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Tomb of the Unknowns history tied to Veterans Day

Known but to God

The nation will observe Veterans Day on Monday with speeches and laying of wreaths in cemeteries across the country.

Perhaps the most poignant ceremony, though, will take place at the Tomb of the Unknowns in Arlington National Cemetery outside Washington, D.C.

According to the cemetery’s website, the iconic memorial overlooks the nation’s capital.

The first unknown – and the genesis of the Veterans Day observance – was from the “war to end all wars” as World War I was called.

The tomb itself is a white marble sarcophagus on which

are carved three Greek

figures representing Peace, Victory and Valor.

There are also six carved wreaths for the war’s six major campaigns.

And there are these words:

“Here rests in honored glory an American soldier known but to God”

According to the website, the journey of the World War I Unknown to Arlington began in France in September 1921.

Four American bodies were exhumed from unmarked battlefield graves. Army Sgt. Edward F. Younger (a World War I veteran who was wounded in combat and received the Distinguished Service Medal) selected the Unknown Soldier from among four identical caskets at Chalons-sur-Marne, France.

The remaining three caskets were re-buried in the Meuse-Argonne American Cemetery.

With much pomp,  the chosen casket was shipped to Washington, D.C.

aboard the USS Olympia, a Navy cruiser.

The body arrived in Washington on November 9, 1921 and 90,000 paid their respects as it lay in

state at the Capitol Rotunda for two


On Armistice Day (November 11), pallbearers from the Army, Navy and Marine Corps transported the casket to a caisson for its procession to Arlington National Cemetery.

More than 5,000 were waiting at the cemetery’s Memorial Amphitheater.

The ceremony included the National Anthem played by the Marine Corps band and an invocation by the Army Chief of Chaplains.

After two minutes of silence,  President Warren G. Harding spoke and then placed the Medal of Honor and Distinguished Service Cross on the casket. More medals were added by foreign dignitaries.

A cannon battery fired three salvos and the casket was lowered into the waiting crypt.

A bugler played the haunting Taps and the battery fired a 21-gun salute.

The first Unknown Soldier was home.

A 24-hour military guard was added at the tomb in 1937.

The Unknowns of World War II and Korea weren’t interred until 1958.

Because Americans fought on three continents during World War II, the Army exhumed a total of 18 bodies from North Africa, Europe, the Philippines and Hawaii.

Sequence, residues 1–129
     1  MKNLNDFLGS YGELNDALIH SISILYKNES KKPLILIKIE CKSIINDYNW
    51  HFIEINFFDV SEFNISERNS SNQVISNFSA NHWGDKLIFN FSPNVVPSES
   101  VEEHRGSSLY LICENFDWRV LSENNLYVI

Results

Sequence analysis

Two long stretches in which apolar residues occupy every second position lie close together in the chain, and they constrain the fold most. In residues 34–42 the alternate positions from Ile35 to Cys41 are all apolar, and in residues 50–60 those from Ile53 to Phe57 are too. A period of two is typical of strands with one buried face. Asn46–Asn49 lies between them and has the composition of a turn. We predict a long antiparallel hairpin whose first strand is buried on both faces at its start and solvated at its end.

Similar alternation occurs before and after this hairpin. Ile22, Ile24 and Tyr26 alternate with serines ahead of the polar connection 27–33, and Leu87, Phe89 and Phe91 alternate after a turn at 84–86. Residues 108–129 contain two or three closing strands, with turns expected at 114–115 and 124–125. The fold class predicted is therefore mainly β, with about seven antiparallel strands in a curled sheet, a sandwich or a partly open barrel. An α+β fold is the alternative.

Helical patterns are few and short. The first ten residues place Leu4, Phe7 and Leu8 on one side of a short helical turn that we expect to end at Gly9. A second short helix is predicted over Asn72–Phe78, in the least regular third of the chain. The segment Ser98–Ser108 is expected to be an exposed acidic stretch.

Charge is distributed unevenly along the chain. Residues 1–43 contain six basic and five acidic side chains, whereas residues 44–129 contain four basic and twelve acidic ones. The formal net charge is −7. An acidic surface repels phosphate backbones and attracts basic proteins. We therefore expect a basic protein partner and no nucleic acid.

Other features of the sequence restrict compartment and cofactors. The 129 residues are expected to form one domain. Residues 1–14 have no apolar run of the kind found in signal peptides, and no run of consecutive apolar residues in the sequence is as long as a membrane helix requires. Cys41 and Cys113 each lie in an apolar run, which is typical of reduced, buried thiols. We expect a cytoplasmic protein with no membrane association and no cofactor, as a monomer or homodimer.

Two World War II unknowns were chosen – one each from the European and Pacific theaters.

They were placed in identical caskets aboard the USS Canberra, a guided-missile cruiser off the Virginia capes.

Navy Hospitalman 1st Class William R. Charette, then the Navy’s only active-duty Medal of Honor recipient, selected the Unknown Soldier of World War II.

The second body was given a solemn burial at sea.

During the Korean War, North Korean forces killed and captured a number of American soldiers during their initial offensive in June 1950.

When the Chinese entered the war that fall, they overran a number of temporary cemeteries.

Army officials chose one unknown casket among four exhumed from the National Memorial Cemetery of the Pacific in Hawaii.

Caskets holding the remains of the Unknowns from the two wars reached Washington, D.C., on May 28, 1958. They lay in state at the Capitol Rotunda until May 30 when they were placed on caissons and transported to Arlington.

President Dwight Eisenhower awarded each the Medal of Honor.

The fourth – and final – Unknown was from the Vietnam War.

In 1978, President Jimmy Carter dedicated a plaque at Memorial Amphitheater which commemorated those missing in action from the Vietnam War.

Due to scientific advances in  identifying remains, there were few unknown burials in Vietnam.

Still, President Ronald Reagan and many Americans wanted to honor Vietnam veterans by interring an unknown soldier at Arlington and pushed for a selection to be made.

On May 17, 1984, U.S. Marine Corps Sgt. Maj. Allan Jay Kellogg, Jr., a Medal of Honor recipient, chose an Unknown from the Vietnam War during a ceremony at Pearl Harbor, Hawaii.

As with the previous Unknowns, the casket first lay in state at the Capitol Rotunda and was transported via caisson to Arlington.

President Reagan presided over the interment on Memorial Day in 1984. He presented the Vietnam Unknown with the Medal of Honor.

Those remains didn’t stay unknown, however.

They were exhumed just shy of 14 years later for mitochondrial DNA testing that showed the remains belonged to Michael Joseph Blassie, an Air Force lieutenant shot down and killed near An Loc on May 11, 1972.

At the family’s request,  Blassie was reinterred at Jefferson Barracks National Cemetery in St. Louis, Missouri.

The crypt designated for the Vietnam Unknown remained vacant until Sept. 17, 1999 — National POW/MIA Recognition Day — when it was rededicated to honor all missing U.S. service members from the Vietnam War.

An inscription on the empty crypt reads “Honoring and Keeping Faith with America’s Missing Servicemen, 1958-1975.”

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